Sunday 7 May 2017

3 Indian scientists elected fellows of Royal Society

3 Indian scientists elected fellows(सहचर) of Royal Society

Three Indian-origin scientists known for their expertise in genetics, computers and ecology have been elected fellows of the Royal Society, the world’s oldest scientific academy in continuous existence.
Headed by Nobel winner Venki Ramakrishnan, the London-based Royal Society on Friday announced the 2017 election of 50 scientists and 10 foreign members for their outstanding contributions to science. Ramakrishnan said: “Science is a great triumph(विजय) of human achievement and has contributed hugely(बेहद) to the prosperity and health of our world…The new fellows have already contributed much to science and it gives me great pleasure to welcome them into our ranks.” The three Indian-origin scientists are Krishna Chatterjee (University of Cambridge), Yadvinder Malhi (University of Oxford) and Subhash Khot (New York University).  Chatterjee is distinguished for his discoveries of genetic disorders of thyroid gland formation, regulation of hormone synthesis and hormone action, which have advanced fundamental knowledge of the thyroid axis. The Royal Society said Chatterjee has identified dominant negative inhibition(निषेध) by defective nuclear hormone receptors as a common mechanism in Resistance to Thyroid Hormone and PPARg-mediated insulin resistance. “He has shown how deficiency of human selenocysteine-containing proteins causes a multisystem disease, including disordered thyroid hormone metabolism. He seeks to translate such understanding into better diagnosis and therapy of both rare and common thyroid conditions,” it said.  (Left) Krishna Chatterjee is based at the University of Cambridge, while Subhash Khot works at the New York University. (Courtesy: Royal Society)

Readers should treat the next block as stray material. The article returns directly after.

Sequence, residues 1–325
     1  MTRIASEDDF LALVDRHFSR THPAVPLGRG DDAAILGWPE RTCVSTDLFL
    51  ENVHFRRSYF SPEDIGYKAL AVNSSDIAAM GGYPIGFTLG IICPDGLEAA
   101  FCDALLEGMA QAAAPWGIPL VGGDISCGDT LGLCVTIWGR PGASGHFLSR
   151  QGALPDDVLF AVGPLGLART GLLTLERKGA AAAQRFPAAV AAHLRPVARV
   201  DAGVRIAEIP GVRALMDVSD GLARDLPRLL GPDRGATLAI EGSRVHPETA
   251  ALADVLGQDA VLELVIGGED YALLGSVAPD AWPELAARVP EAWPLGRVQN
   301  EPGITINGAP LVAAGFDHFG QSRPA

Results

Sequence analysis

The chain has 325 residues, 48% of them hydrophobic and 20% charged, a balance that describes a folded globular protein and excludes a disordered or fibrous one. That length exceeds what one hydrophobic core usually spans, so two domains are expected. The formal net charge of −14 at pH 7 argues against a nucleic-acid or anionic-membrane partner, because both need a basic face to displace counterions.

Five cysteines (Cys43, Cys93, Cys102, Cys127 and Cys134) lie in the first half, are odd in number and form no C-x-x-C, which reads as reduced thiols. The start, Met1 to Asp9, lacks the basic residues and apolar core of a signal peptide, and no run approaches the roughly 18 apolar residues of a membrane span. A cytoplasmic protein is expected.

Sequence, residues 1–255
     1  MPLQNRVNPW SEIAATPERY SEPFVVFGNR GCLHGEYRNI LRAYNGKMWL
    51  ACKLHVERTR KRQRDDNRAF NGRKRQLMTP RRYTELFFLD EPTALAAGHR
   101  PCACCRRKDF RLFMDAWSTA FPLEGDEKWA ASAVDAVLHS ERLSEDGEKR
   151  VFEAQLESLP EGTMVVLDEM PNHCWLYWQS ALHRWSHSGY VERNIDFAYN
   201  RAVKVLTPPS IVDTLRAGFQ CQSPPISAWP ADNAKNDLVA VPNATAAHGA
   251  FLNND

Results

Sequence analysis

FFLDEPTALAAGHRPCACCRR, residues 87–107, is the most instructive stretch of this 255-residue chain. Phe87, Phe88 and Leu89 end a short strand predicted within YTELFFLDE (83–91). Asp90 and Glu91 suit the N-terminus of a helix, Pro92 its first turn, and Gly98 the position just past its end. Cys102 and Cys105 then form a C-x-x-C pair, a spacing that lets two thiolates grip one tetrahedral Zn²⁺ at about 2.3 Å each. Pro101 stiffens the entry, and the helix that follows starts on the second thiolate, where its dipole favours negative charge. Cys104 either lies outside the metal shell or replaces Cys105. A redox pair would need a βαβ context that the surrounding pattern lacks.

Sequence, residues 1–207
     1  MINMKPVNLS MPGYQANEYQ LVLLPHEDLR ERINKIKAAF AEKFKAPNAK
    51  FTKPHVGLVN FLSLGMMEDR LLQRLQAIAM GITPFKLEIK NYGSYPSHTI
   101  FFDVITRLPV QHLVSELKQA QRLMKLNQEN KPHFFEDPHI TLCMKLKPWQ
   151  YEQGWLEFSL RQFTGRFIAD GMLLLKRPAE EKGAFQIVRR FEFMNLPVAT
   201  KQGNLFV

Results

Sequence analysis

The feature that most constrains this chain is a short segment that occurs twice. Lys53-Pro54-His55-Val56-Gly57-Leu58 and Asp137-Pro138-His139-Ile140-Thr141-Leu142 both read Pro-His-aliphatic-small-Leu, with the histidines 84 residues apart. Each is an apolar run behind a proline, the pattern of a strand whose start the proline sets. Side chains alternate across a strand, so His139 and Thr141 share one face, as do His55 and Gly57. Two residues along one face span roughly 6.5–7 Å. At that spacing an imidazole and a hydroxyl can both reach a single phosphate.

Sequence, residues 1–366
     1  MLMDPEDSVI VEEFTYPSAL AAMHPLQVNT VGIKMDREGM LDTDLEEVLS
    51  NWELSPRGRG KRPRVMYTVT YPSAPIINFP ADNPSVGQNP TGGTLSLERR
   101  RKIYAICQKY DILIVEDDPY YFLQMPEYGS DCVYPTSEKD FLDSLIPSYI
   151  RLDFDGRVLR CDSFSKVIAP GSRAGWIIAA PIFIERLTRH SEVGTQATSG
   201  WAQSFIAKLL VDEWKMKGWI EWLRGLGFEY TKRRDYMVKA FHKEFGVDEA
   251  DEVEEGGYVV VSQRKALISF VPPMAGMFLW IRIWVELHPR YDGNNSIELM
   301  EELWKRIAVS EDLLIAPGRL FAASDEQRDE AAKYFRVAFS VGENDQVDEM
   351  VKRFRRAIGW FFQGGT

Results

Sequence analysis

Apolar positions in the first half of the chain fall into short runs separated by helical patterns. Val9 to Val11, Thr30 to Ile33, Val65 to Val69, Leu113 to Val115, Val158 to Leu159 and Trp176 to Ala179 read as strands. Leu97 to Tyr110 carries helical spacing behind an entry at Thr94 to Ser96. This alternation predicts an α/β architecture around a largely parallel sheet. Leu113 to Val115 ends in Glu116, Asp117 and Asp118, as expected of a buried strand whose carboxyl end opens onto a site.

Khot is a theoretical computer scientist whose original contributions, the society said, are providing critical insight into unresolved problems in the field of computational complexity.

“He is best known for his prescient definition of the ‘Unique Games’ problem, and leading the effort to understand its complexity and its pivotal role (निर्णायक भूमिका) in the study of efficient approximation of optimization problems; his work has led to breakthroughs in algorithmic design and approximation hardness, and to new exciting interactions between computational complexity, analysis and geometry,” it said.  Malhi is an ecosystem ecologist who the society said has advanced understanding of the functioning of terrestrial ecosystems and how they are responding to the pressures of global change, including climate change, degradation and loss of large animals. “This work integrates insights from ecosystem ecology into Earth System science, and has been characterised by a multidisciplinary approach that involves establishing broad networks of field research in tropical forests in some of the most remote and challenging regions of the world, and also application of micrometeorological approaches, global climate datasets, terrestrial ecosystem models and satellite remote sensing. This work has contributed to our understanding of the carbon sink in the terrestrial biosphere, and to how it may be vulnerable(चपेट में) to climate warming,” the society said.

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